33 Minneapolis Facts That Only Real Locals Know are True

Did you know Minneapolis was a city of innovation? We're here to share some other interesting Minneapolis facts that will increase your respect for this fine city and its residents.

Minneapolis is also known for its amazing food, devotion to local sports teams and incredibly cold winters. But that's just scratching the surface. What about all the Minneapolis secrets that only residents know about? That's what you're really here for, right? We've got you covered. The following list of Minneapolis facts will help you get to know this city even better — which is a great thing to do when you're considering a move to the Twin Cities.

33 Minneapolis facts you need to know before moving to this city

1. Minneapolis is definitely a foodie city. In fact, it ranked No. 24 on our list of the Best Foodie Cities in America. And while chefs in the city make a variety of dishes, only residents know about the local cuisine. Dishes like lefse (Norwegian flatbread), lutfisk (lye-soaked fish that only hard-core Minnesotans can stomach) and tater tot hotdish (basically a tater tot casserole) are unique to this area of the country.

2. Two endearing qualities of people from Minneapolis are that they are mostly self-deprecating and they practice restraint. However, they're also known — as are most people in the state — for something called “Minnesota nice," which is an interesting way of saying locals are often passive-aggressive. In fact, a common passive-aggressive phrase used (and acknowledged that it's used by locals) is “that's…different." If you identify as passive-aggressive, Minneapolis just might be the city for you! Though, you can also consider cities like Portland, San Francisco, New York and Philadelphia, ranked as the irrationally angriest cities by Thrillist.com.

3. You might think Minneapolis is like other Midwest or Eastern states with four distinct seasons, bitterly cold winters and hot, humid winters. You'd be partially right. What a lot of people don't know is that the weather in Minneapolis is somewhat erratic. One day it's warm and sunny, the next day it's cold and rainy. It just changes on a dime, and you never really know what to expect. It's a Minneapolis fact locals have (kind of) come to terms with.

Skateboarder in Minneapolis, Minn.

4. One of the best Minneapolis secrets is skateboarding. Or, perhaps it's the other way around. Minneapolis is skateboarding's best-kept secret. On those days when the weather finally clears up and you can feel the warmth, the streets fill up with skateboarders. If you've got the balance, the skateboarding community is a fun one.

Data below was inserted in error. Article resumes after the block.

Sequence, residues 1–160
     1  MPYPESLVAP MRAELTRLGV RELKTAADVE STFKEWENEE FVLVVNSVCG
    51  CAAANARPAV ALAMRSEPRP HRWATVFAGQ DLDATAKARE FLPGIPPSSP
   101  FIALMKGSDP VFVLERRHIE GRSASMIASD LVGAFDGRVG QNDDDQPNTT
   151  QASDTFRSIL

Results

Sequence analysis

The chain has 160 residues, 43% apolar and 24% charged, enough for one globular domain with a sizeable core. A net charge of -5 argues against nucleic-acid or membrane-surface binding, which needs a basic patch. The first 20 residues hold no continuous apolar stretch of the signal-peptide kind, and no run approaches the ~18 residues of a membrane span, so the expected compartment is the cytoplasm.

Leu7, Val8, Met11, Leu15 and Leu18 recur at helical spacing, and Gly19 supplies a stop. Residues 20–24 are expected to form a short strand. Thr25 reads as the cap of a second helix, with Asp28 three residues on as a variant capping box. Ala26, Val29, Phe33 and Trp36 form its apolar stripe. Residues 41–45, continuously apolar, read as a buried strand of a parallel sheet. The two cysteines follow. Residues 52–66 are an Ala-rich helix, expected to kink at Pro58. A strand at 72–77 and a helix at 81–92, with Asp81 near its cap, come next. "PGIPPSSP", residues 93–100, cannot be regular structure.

5. Locals invest in car starters. It's a $200-$300 investment but being able to start your car remotely is a Godsend. You can warm it up in the frigid winter months and cool it down in the hot, sticky summer months.

6. The University of Minnesota had an apple breeding program. It was because of that program that we have the Honeycrisp apple — arguably the tastiest apple variety in existence.

7. Fun Minneapolis fact: Baking is huge here! So much so that the city is well known (at least in the Midwest and to those that love to bake) for inventing, developing or creating the pop-up toaster, Bisquick and the Bundt pan. Also, the General Mills icon, Betty Crocker, made her debut on a Minneapolis radio station.

8. The Mall of America — located in Bloomington, a suburb of Minneapolis — is so big that Google had to create an indoor map of the mall. The mall encompasses 2,869,000 square feet, which is bigger than 78 football fields. And just in case you're wondering, there are 520 stores in the mall. If you spent 15 minutes in each store, you'd spend 130 hours in the Mall of America, or 5 ½ full 24-hour days.

Minneapolis skyway

9. The Minneapolis Skyway spans 69 blocks. It's the longest continuous skyway in the world.

10. One of the top Minneapolis secrets is that it has a huge theater market. When you think live theater, you probably think of New York City, and you'd be right to think that since it takes the top spot in the country. However, Minneapolis (combined with St. Paul, MN) has the third-largest market for live theater in the U.S. Plus, when it comes to live theater seats, Minneapolis is second only to New York City per capita.

11. Dinkytown is in the commercial district of Minneapolis. The Loring Pasta Bar in Dinkytown is not only famous for its homemade pasta and live music, but also because it's housed in the building where Bob Dylan used to live.

Cyclists in Minneapolis, Minn.

12. Minneapolis is a major biking city, with a bike score of 83. In fact, thousands of cyclists hit the road (or trail) every single day, making Minneapolis the most bikeable city in the country.

13. "The Lion King" is a beloved play that people all over the country visit Broadway to see. But "The Lion King" didn't debut on Broadway. Instead, it first premiered at the Orpheum Theater here in Minneapolis.

14. An interesting Minneapolis fact: The city manufactured the first armored vehicle in the country.

15. Minneapolis is an ideal location for the nerds and geeks of the world, and Minnesota actually ranks in the top 20 nerdiest states in the country. It's considered one of the “techiest" cities in the U.S. since they founded the Geek Squad in a suburb of Minneapolis (Richfield) and it was among the first cities to use wireless internet.

16. The Minneapolis Institute of Art has one of the most impressive, rare jade exhibits in the world. One piece on display is a 640-pound sculpture of a mountain. The sculpture (officially titled "Jade Mountain Illustrating the Gathering of Scholars at the Lanting Pavilion" sculpted in 1784 in Qing Dynasty China) is the largest jade carving outside of China.

17. Prince might be Minneapolis' most famous musician, but other legends recorded some of their earliest and/or greatest hits at Sound 80 recording studio, including Bob Dylan and Cat Stevens.

St. Anthony Falls, Minneapolis, Minn.

18. Minneapolis is home to the only natural waterfall on the Mississippi. St. Anthony Falls (also known as the Falls of Saint Anthony) is found along the northeastern edge of downtown Minneapolis. Who needs Niagara Falls? St. Anthony Falls is truly a sight to behold!